I guess my problem with Okabe Rintaro in the first few hours of the game is that I didn't want to identify with him very much. He, and his chuunibyou alter ego Hououin Kyouma, are pathetically vain and insecure, rude, doesn't quite often enough consider the feelings of others, and has an unpleasant texture to him. I'd like to think that I'm not like that, we probably all do. You're subject entirely to his point of view throughout the course of the game, so if at no point at all you are able to connect or identify with the character in the slightest, the game will fall pretty tragically flat. And the first major portion of the game, for me, it did. My impression of Okarin ranged somewhere roughly between repulsion and embarrassment, identifying with him just enough to stuck with the game and experience it with him, but being consistently disappointed whenever this Kyouma persona would come to life and shout something stupid and irrelevant. The game, a visual novel with limited interaction, somehow, incredibly, has a difficulty curve. And that difficulty curve is Hououin Kyouma. Hour ten in the game, fucking hated him. He'd stand up on a table and scream !HOUOUIN KYOUMA! and I wished Kurisu would hit him with a heavy book or something to shut him up. Hour fifty, when Okarin can't even begin to muster even a fraction of the flourish he once could, as the proclamation of the name hououin kyouma comes dribbling, weakly, out of his mouth, without conviction and seemingly lowercase, you realize that the stupid juvenile defense mechanisms we use to defend ourselves against the cruelty of the world is the only thing that keeps us tethered to a world that wants nothing more than to cast us aside, or to bend us to its own cold, passionless image. It's one of the instances of magic in the game, I'd argue. We're all that stupid, frightened kid, praying to the forces of the universe, and whatever indifferent god that lords over it all, that it not take our friends away. Strip away all the guises and all the bullshit, and little else will remain. I ultimately felt guilty for ever skipping over that stupid maniacal laughter of his. Okarin needs this. We all do.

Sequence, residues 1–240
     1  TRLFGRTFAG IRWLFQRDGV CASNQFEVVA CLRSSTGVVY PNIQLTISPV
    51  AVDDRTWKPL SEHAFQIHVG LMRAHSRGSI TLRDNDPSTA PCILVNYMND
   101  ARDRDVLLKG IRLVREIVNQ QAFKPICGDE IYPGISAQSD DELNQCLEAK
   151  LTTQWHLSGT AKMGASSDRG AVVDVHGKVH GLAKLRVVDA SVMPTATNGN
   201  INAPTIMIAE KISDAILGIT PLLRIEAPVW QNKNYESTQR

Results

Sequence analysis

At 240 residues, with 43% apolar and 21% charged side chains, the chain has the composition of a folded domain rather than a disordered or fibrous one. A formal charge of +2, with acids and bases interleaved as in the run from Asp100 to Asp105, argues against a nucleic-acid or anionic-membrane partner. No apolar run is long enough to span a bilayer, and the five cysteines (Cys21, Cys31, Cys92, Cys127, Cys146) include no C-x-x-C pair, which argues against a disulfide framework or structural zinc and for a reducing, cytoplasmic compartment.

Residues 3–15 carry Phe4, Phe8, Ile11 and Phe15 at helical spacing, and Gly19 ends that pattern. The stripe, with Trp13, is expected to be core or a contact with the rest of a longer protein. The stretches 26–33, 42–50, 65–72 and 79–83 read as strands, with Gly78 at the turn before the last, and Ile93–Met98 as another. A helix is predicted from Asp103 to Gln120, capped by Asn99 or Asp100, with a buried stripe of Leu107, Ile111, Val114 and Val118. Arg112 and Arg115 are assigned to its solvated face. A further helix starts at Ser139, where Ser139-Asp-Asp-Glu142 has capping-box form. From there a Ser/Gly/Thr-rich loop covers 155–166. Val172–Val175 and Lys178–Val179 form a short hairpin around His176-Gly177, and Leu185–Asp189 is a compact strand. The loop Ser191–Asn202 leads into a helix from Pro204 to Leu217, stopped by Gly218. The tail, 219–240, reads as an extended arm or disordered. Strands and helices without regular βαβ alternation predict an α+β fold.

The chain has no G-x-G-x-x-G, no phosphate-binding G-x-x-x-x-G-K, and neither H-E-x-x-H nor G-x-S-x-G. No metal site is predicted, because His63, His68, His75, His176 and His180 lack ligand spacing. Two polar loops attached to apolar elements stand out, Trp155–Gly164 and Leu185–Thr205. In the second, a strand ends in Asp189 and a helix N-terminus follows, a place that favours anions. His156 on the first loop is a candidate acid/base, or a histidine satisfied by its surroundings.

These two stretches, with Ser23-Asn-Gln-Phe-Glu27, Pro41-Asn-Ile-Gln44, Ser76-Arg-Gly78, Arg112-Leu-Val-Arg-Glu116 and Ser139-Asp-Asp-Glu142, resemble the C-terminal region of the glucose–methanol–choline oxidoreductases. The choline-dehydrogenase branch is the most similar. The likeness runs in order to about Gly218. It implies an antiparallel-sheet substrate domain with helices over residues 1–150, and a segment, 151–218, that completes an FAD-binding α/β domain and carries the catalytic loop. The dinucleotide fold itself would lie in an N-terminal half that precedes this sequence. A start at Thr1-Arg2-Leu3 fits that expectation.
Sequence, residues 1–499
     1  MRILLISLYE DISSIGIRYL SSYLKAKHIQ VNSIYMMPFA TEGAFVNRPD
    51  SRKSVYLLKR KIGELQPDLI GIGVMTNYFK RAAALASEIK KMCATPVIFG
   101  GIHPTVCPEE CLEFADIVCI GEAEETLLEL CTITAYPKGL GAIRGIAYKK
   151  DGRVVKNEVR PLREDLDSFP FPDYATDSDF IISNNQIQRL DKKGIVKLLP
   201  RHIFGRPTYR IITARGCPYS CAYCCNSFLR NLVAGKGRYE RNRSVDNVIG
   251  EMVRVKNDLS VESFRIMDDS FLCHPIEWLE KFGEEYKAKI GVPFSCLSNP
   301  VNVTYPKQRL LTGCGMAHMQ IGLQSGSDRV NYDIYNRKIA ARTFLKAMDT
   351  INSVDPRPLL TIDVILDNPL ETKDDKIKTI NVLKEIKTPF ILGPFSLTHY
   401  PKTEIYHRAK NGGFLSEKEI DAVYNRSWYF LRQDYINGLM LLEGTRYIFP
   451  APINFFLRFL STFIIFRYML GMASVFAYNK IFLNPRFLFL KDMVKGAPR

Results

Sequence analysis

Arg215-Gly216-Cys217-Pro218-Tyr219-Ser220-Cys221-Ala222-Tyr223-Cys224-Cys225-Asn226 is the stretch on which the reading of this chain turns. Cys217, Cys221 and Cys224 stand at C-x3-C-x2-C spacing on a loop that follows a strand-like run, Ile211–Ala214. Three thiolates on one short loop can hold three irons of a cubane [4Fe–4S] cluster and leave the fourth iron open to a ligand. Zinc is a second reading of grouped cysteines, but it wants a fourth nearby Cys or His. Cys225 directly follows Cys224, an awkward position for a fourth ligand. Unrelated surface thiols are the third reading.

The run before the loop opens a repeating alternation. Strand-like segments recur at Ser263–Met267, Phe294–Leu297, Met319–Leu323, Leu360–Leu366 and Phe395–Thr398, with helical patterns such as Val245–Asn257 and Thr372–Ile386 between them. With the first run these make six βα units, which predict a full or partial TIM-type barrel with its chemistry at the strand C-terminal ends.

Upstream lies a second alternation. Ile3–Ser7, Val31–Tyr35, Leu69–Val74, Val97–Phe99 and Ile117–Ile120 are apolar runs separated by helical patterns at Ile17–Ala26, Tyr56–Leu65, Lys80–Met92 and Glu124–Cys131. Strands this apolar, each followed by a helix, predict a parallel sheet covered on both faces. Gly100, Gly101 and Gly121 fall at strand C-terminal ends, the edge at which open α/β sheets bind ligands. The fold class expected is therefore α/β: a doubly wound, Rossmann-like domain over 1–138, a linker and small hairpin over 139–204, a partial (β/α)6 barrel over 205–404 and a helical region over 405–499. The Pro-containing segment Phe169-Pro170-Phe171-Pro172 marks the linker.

I don't pretend anymore to be some great universal barometer for the quality of videogames, and my preferences almost invariably trend towards how much the story or subsequent experience as a whole affects me. Gameplay is nice but inessential, and I don't need the experience to be profoundly reactive, or for me to have some sort of heightened sense of active agency within the work. With that (hopefully) clear, Steins;Gate is the greatest videogame I have ever played, and possibly will ever play. There's a lot more to my experience with this game than I've chronicled here, but in some outside chance a lonely, lost traveler from another worldline stumbles upon these words, I have avoided talking in great depth about any of the specific elements and why I believe they worked. Could if anybody wanted, I guess, but it's dangerous to know too much about the future. Just know that this is a really impressively structured and told story, easily the best I've ever encountered in a game. That semi-colon is the only thing in the entire game that remained unexplained. I still don't know what it means. And i don't need to know.